The other thing you need to look at is if a client has referred other business to you. If they have, you might waive the travel costs because they’ve saved you in marketing expense (as a “thank you”).
One last option is to not charge if the commute is under X minutes, but charge half rate if it’s over that just to acknowledge your time is worth something.
If you have enough business within a short driving distance, commute time becomes negligible. Consider too the importance of the client to your total revenue stream.
If they’re a big client, you will want to make concessions. Just make sure you get something for it. Here are some suggestions:
  • Have them write a great review of you on Angie’s List.
  • Have them refer you to a colleague for new business.
  • Have them refer you as a speaker to their small business organization as a speaker for you to get exposure to new business.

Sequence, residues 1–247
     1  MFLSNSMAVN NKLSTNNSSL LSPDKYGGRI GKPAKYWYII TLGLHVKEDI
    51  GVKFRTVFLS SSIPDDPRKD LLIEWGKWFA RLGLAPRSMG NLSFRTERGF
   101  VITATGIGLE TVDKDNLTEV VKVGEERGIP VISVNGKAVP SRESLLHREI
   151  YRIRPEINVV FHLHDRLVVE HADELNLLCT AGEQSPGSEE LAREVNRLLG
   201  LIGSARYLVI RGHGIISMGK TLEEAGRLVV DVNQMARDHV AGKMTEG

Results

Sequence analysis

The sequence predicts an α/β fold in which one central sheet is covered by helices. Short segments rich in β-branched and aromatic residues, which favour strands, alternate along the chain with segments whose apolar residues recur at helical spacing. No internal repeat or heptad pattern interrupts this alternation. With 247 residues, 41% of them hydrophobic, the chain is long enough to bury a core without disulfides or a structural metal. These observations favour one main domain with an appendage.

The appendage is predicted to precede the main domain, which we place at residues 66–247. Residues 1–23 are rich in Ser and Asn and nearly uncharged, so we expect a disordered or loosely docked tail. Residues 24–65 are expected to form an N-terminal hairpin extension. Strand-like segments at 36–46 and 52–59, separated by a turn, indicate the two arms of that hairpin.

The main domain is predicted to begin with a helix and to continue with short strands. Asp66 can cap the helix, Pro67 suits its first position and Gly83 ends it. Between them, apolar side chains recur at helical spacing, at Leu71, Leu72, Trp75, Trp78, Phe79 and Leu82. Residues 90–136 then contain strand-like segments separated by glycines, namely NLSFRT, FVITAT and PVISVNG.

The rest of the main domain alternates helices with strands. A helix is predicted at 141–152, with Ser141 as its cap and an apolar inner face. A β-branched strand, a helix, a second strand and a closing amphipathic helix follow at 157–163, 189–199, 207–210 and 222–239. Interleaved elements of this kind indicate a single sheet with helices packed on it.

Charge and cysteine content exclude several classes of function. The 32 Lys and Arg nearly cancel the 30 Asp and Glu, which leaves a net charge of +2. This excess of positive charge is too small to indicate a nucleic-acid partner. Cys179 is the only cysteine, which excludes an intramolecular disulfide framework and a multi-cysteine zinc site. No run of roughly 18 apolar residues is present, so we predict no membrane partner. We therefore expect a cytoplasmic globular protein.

Never give something away without receiving some value back. It may not always come in the form of income, but it could come in the form of something that leads to income and revenue growth.
My objective is to see if I’m making a profit with a given customer. It’s not just how much time but the nature of the work you’re doing for a client.
Pricing Strategy for a Service Business
Do you charge just for time to do a full installation of new equipment?
Do you charge the same amount to do software upgrades or to install security firewalls?
Maybe it’s time to segment your services and charge different rates for different levels of skills and knowledge required. That’s another way to maximize your total return per client.
How to Maximize Revenues By Offering High Value Services
You could also be the IT 911 guy. Any time of the day or night, you’re there. And you charge a premium to be available at odds hours.
But you know and I know that systems and tech have a nasty way of breaking down at midnight when you’re in the middle of a big project.
You’d charge for travel time and a premium for your work time.
Pricing should include your hourly value plus a premium. If you don’t know what that is in your market to your audience, go out into the marketplace as a buyer of your type of services.
See what competition’s charging. Your fees should include a 20% premium to cover operating support costs like legal fees, accounting fees, supplies, website maintenance and software subscriptions.